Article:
Skippers in England and Wales are needed to contribute to fisheries data usually collected by scientific observers, as current Covid-19 restrictions mean that Cefas fisheries observers are not able to board commercial fishing vessels to go to sea.
Cefas has been collecting biological data from commercial landings at fish markets, merchants and on quaysides in England and Wales since the 1950s. The observer programme which also collects the same data from discards offshore has been running continuously since 2002. In March, the lockdown brought this activity to a halt. The onshore programme was able to resume safely in June, however, the at sea observer programme is still severely restricted.
Now a partnership with industry will build on pilots commencing this month with the north-east trawl fleet, the south-east netter fleet and the south-west beamer fleet.
‘The Covid crisis has disturbed the way in which scientists collect the data that provides the raw material for fish stock assessments. Without good data we cannot expect good management decisions and the risk of tighter restrictions through the application of a precautionary approach is increased,’ said NFFO Chief Executive Barrie Deas.
‘There is potential to turn this problem into an opportunity by increasing the industry’s direct involvement in the provision of data. The result could be greater industry confidence that they have had a part in undertaking.’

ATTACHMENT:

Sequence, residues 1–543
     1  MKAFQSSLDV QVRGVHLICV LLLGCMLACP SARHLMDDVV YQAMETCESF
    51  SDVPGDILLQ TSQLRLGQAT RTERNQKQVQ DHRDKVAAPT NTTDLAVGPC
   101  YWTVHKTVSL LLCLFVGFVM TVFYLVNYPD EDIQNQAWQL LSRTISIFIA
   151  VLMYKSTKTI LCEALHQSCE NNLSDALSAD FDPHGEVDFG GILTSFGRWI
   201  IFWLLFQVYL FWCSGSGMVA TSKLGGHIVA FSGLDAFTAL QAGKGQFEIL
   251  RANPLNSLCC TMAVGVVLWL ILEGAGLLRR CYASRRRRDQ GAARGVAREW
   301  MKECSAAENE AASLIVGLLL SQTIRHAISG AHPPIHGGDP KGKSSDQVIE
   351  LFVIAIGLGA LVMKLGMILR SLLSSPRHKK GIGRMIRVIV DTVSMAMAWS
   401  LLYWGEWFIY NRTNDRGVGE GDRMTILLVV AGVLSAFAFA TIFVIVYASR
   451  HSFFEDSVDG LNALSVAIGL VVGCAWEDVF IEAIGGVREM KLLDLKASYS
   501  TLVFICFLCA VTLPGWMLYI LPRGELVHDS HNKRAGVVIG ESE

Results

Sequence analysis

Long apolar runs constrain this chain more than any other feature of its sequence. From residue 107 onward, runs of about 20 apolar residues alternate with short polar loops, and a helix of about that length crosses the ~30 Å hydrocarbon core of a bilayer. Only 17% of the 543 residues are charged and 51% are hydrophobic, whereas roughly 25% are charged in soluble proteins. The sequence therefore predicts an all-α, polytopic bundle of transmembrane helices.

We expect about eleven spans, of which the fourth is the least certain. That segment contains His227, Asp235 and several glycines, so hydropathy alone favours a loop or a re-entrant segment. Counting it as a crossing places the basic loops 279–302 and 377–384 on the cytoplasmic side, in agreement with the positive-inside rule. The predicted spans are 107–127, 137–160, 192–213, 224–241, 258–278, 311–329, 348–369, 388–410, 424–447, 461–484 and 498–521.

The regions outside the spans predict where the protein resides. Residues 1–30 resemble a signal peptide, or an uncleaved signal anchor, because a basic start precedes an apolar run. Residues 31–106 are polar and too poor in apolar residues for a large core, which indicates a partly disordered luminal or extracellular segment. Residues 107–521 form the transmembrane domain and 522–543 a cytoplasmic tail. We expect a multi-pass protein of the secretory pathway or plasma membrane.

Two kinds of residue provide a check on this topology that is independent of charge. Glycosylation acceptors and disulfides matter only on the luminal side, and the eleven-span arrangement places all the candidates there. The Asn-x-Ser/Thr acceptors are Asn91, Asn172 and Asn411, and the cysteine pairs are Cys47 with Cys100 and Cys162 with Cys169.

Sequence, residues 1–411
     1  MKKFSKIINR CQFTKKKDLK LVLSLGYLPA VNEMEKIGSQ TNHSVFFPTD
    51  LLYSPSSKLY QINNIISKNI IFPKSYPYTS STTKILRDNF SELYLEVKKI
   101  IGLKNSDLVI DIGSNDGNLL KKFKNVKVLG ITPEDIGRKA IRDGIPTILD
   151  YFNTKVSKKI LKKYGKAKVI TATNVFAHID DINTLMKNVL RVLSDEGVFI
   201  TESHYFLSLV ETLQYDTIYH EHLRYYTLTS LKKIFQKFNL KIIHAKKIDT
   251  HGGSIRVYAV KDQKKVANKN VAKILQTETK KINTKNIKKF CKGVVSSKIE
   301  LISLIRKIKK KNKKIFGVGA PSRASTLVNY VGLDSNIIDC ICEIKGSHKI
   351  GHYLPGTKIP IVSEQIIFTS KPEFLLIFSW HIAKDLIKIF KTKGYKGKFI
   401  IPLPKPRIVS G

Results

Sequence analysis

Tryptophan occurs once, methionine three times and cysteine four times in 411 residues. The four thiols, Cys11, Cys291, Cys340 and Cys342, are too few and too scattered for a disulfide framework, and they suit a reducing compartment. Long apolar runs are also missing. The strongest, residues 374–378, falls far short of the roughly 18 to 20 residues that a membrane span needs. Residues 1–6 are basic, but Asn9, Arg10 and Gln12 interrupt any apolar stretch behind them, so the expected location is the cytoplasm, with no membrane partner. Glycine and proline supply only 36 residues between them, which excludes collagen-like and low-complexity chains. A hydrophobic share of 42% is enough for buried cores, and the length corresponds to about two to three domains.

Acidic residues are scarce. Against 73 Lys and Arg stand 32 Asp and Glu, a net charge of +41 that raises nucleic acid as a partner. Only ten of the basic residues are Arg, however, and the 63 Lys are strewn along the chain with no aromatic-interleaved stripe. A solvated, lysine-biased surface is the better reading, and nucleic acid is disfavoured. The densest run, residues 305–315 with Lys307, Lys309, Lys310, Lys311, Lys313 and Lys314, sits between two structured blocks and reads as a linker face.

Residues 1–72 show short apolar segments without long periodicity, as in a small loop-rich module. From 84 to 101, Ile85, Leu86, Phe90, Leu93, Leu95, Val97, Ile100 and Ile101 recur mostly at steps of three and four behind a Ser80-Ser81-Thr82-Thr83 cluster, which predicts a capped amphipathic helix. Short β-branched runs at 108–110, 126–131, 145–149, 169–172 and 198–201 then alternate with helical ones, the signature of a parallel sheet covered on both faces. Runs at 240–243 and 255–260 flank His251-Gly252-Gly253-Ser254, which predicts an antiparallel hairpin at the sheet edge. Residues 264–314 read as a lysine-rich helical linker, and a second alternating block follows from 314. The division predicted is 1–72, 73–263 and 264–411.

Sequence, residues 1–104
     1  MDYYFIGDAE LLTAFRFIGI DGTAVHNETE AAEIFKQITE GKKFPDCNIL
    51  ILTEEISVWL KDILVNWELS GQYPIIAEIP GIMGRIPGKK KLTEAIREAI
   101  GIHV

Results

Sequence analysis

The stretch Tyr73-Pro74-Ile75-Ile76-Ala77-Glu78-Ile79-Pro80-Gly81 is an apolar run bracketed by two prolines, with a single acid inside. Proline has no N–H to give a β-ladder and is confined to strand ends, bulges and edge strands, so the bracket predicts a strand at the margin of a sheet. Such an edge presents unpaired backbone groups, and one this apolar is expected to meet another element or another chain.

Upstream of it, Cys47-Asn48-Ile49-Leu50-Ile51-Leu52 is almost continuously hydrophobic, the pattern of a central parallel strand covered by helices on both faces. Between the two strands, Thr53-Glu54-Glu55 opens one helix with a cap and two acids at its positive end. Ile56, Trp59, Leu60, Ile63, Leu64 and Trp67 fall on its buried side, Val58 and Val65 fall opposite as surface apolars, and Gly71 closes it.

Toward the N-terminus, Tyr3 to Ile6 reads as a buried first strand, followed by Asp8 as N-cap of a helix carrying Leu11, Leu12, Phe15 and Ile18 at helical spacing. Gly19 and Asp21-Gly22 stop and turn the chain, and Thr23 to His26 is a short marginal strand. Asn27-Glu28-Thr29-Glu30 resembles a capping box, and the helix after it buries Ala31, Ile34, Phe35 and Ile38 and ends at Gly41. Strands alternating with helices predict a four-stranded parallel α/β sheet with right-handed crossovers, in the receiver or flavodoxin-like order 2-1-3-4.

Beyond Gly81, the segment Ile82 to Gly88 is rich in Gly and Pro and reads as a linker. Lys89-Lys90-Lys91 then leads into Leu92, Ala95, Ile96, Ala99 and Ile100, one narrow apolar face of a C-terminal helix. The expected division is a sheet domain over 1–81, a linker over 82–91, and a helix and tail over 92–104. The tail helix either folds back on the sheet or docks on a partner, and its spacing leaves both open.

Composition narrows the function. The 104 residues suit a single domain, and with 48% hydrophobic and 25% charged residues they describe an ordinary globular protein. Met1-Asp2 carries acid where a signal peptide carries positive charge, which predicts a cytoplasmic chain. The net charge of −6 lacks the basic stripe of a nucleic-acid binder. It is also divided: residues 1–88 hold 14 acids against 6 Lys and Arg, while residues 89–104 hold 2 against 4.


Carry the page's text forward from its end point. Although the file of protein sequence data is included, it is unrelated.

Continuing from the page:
The at sea observer programme is the only source of biological discard data that, combined with the onshore data, feeds into the annual round of fish stock assessments to inform advice on catch options, quotas and fisheries management. While COVID restrictions continue, the gap in the observer data continues to grow which could affect the advice for 2022, and longer-term potentially. As the UK becomes an independent coastal state, it becomes increasingly important to be confident in the evidence and the data collected that advise those decisions.
‘We are working with the fishing industry, to set up a temporary programme, so that individual vessels can bring back samples for our observers to process ashore,’ commented Cefas Fisheries Scientist Jon Elson.
‘We are currently piloting this approach, before extending the programme to the wider fleet. The quality of these data is crucial, if it is to be useful. We will work with the industry to ensure that what we ask is practical, reasonable, avoids disruption and, importantly, produces effective data.’
He added that those taking part will be contributing to the important pool of data that will be used for assessments that inform catch options and advice on fisheries management, and stated that fishermen’s data will be protected.
‘Information obtained about the activities of fishermen, either from fishermen themselves, or by Cefas staff in the course of their duties, will be retained and used for scientific purposes only,’ he said.
A report on the data collected will be provided to each skipper sampled. Cefas will report on our achievements in early 2021. We hope to develop a consistent manageable programme by the end of this year to continue into next year.
‘We would be very interested to hear from anyone who has not been sampled in the last three years to broaden the data available to us,’ he said.
Interested skippers can contact AFSTcosampling@cefas.co.uk, and visit Cefas’ website to download an information leaflet.